PHOTOGRAPHY BY AMBER TURPIN AND JESSICA TUNIS
Let’s drink to the end of an extraordinary year
In the wake of fires, we gather again outside, cupping steaming mugs in our palms. We call this hot, smoky cocktail After The Fire to commemorate the events of the past year. It boasts apples for sweetness, charred cinnamon sticks for flavor and flair. Ginger, peppercorns and spicy red pepper flakes add heat that warms but does not burn. Orange and allspice round out the warming notes. The pectin-rich orange peels contribute a hint of bitterness and a silky mouthfeel. A peaty scotch is the preferred spirit, with its smooth notes of smoke and fire mellowed with age. Mezcal works a different, related magic, for those whose spirits preferences lean southward. Raise a glass to smoke and fire, in all their forms, to honor both the destruction and regeneration that follows.
1 quart unfiltered organic apple juice
2 cinnamon sticks (toasted over a live fire like marshmallows, if desired)
1 inch fresh ginger root, sliced thinly
3 whole allspice berries, crushed
3 whole black peppercorns, crushed
½ teaspoon crushed red pepper flakes
1 orange, half quartered, half sliced thinly for garnish
3 ounces smoky scotch (such as Laphroaig) or mezcal
Combine the apple juice, cinnamon sticks, ginger, allspice, peppercorns, and red pepper flakes in a medium saucepan.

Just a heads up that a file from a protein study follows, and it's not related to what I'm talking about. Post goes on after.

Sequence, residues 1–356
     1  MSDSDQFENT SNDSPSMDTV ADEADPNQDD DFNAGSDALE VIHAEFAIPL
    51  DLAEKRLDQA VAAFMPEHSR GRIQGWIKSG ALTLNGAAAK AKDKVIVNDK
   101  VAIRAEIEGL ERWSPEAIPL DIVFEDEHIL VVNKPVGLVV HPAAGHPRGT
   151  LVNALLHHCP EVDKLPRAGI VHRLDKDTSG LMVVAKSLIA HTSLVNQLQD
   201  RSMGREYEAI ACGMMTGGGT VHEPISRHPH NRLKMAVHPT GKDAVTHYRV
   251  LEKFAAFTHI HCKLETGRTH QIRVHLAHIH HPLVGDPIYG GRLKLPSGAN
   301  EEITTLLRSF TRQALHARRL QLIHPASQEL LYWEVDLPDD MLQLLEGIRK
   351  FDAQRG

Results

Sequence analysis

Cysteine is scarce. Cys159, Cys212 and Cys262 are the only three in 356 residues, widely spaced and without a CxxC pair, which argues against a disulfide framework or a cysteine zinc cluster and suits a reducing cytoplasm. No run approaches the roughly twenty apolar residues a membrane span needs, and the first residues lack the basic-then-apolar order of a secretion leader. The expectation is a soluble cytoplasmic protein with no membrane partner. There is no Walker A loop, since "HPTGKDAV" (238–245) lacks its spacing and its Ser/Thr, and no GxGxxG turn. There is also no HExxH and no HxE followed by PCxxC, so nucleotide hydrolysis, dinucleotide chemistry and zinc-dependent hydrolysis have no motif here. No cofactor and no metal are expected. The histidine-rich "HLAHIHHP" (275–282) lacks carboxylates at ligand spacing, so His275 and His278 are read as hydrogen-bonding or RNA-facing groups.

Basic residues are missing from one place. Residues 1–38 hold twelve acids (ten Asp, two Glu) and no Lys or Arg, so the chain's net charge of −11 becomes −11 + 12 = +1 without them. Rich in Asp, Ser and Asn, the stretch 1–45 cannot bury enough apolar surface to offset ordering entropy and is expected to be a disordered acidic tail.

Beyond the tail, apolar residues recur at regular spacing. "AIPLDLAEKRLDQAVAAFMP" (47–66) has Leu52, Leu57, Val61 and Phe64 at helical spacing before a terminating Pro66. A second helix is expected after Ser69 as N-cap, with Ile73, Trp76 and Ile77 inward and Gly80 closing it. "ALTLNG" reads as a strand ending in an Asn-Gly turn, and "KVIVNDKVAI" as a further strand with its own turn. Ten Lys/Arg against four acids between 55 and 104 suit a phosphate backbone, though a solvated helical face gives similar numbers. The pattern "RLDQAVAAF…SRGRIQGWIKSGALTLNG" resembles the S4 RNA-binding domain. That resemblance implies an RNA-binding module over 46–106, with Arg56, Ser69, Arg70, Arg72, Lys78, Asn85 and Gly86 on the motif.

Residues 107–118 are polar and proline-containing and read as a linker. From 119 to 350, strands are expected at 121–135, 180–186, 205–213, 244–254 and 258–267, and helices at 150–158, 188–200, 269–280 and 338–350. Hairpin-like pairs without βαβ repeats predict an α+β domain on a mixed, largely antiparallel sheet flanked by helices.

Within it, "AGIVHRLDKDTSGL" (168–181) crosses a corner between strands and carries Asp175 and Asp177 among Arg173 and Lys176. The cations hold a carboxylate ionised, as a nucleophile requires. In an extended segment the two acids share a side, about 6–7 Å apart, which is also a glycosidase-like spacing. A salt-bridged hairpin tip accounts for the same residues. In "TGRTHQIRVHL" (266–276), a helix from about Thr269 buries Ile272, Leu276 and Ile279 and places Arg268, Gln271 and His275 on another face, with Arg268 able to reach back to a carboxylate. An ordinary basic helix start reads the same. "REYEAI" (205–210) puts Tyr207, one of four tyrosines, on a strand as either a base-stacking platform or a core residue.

Add 2 orange quarters to the juice, peel and all. Bring to a boil, then reduce heat and simmer for 20 minutes.
Meanwhile, add 1½ ounces of scotch or mezcal to each mug.
Using a strainer, pour the hot cider into the mugs, distributing equally between the two. (You may have a bit of cider left over and can add the strained solids back into the pan to bulk up for the next round).
Garnish with a thin orange slice and/or a cinnamon stick.
Makes 2 generous servings of warming brew.
Amber Turpin and Jessica Tunis live with their respective families in the green folds of the Santa Cruz Mountains. They share a love of food and writing, adventure and good company. Their collaborations on these pages are a natural extension of many good times spent together, gathered in kitchens and backyards near and far.